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Report: Standard & Poor's claims gov't shutdown will cost more than border wall


Estimates cost to U.S. economy at $6 billion

Mark Wilson/Getty Images

The impact of the partial government shutdown on the U.S. economy adds up to at least $6 billion, more than the price tag for President Donald Trump's proposed border wall, according to information reported from financial rating agency Standard & Poor's.

Is this worse than initial estimates?

The rating agency said Friday the impact "likely worse than what we had previously expected," according to ABC News.

S&P previously estimated the impact at about $1.2 billion of real Gross Domestic Product for each week of the political impasse over the border wall along the Mexico border. But as the shutdown continued, that amount began to increase.

"Although this shutdown has ended, little agreement on Capitol Hill will likely weigh on business confidence and financial market sentiments," S&P said in a statement obtained by ABC News.

"Here, both direct costs, on lost productivity from furloughed government workers, and indirect costs, from lost economic activity to outside businesses because of the shutdown, amplified with each week the government remained closed," the statement read.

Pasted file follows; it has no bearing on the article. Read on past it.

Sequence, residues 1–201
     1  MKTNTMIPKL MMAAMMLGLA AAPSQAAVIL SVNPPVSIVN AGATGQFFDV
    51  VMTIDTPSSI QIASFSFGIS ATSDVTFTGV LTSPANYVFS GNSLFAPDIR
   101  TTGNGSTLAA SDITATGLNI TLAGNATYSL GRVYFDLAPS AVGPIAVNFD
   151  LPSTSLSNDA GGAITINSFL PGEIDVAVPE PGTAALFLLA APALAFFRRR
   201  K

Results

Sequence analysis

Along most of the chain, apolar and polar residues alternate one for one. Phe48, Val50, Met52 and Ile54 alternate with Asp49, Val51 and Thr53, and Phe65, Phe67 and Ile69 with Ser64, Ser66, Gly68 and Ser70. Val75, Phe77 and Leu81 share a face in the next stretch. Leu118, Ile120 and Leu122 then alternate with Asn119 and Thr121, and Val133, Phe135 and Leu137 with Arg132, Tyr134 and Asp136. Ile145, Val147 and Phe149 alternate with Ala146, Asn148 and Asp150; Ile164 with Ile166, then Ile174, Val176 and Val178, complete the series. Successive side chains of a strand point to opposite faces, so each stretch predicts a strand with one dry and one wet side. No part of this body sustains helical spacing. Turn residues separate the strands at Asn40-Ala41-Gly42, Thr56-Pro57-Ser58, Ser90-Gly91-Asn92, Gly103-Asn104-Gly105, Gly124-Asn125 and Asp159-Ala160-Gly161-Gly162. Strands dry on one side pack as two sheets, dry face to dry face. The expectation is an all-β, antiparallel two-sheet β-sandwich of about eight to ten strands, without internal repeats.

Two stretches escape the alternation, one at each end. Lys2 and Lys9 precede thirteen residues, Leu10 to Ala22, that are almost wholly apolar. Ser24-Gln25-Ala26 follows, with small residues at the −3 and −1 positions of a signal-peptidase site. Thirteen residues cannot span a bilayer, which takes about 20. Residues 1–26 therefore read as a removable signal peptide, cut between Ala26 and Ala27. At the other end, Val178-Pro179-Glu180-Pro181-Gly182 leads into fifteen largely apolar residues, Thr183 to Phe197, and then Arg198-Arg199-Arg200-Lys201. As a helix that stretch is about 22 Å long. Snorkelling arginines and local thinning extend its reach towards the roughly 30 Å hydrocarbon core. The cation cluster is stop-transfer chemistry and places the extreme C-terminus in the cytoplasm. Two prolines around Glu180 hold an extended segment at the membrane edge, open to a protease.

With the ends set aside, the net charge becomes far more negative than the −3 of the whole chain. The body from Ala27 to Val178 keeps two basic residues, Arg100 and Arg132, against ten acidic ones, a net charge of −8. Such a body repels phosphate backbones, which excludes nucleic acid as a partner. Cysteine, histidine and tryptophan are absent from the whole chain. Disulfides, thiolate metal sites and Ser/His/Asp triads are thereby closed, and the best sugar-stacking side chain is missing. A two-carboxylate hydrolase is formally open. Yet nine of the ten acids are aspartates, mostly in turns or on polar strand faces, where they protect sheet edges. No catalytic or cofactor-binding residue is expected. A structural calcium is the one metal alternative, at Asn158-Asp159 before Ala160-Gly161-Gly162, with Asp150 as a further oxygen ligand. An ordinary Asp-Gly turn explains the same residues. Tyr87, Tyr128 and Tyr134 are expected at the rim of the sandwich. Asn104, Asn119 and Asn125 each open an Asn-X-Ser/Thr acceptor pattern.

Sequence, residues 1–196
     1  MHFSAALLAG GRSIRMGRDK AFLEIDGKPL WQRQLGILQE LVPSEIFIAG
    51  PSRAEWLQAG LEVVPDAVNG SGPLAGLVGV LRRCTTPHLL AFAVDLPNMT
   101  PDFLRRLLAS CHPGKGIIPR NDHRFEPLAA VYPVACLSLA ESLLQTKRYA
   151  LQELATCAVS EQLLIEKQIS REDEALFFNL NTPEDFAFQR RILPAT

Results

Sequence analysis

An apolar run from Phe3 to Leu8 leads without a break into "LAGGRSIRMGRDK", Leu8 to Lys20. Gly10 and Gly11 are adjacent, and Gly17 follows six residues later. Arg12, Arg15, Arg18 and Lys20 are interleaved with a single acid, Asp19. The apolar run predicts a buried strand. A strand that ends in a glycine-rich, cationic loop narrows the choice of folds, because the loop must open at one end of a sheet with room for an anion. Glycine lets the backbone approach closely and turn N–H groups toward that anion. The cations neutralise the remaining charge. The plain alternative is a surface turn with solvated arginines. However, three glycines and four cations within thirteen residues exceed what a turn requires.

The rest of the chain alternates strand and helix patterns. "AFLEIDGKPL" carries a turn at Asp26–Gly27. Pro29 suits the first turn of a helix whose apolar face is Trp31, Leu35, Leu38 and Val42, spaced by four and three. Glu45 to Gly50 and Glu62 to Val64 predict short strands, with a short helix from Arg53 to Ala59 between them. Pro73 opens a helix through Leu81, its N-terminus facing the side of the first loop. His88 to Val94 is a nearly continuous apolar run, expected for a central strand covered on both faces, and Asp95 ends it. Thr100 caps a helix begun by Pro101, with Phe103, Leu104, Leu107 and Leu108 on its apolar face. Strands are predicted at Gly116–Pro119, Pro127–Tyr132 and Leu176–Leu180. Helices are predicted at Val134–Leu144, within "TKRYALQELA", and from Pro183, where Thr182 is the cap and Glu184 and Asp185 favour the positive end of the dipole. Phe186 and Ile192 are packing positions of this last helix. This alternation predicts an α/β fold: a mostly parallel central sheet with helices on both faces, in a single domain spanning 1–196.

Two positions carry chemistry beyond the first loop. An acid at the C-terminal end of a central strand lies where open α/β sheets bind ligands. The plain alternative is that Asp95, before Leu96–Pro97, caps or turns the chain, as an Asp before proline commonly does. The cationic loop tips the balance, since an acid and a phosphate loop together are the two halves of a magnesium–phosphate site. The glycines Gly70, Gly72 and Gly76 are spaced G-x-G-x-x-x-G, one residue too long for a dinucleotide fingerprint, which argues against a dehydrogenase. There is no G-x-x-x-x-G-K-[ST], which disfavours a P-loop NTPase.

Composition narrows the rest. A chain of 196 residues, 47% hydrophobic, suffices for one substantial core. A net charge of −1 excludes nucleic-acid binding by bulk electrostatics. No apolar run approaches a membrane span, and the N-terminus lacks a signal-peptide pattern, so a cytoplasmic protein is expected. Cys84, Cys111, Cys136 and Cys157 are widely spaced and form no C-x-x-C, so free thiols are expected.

On Friday, Trump signed a bill to reopen the government for three weeks as Congress and the president continue negotiations.

The 35-day partial shutdown or the proposed wall along the Mexico border was the longest in history.

"We had expected that other indirect costs were likely just delayed, with businesses recouping some of those losses once the government reopens its doors. But, with a five-week closure, we suspect that more of those economic activities indirectly tied to the government may have been outright canceled," Standard & Poor's stated.

According to USA Today, costs associated with the shutdown include lost productivity from furloughed workers, uncollected tax revenue from lost business, back taxes that weren't collected, uncollected fees from National Parks that were closed, interest due on late federal payments, agency costs for conducting the shutdown and startup, and delays in companies filing initial public offerings.

What's next?

Standard & Poor's also expressed caution regarding whether the shutdown is truly over. Federal workers have told media they are also concerned about the possibility of having to live through another partial shutdown. Government workers who were furloughed under the partial shutdown have been promised they will receive all back pay.

"Although this funding battle has ended, the next one starts in a few weeks, which may reduce growth expectations if businesses and financial markets begin to expect that Congress and the president will repeat the experience again and again," the statement from Standard & Poor's read.

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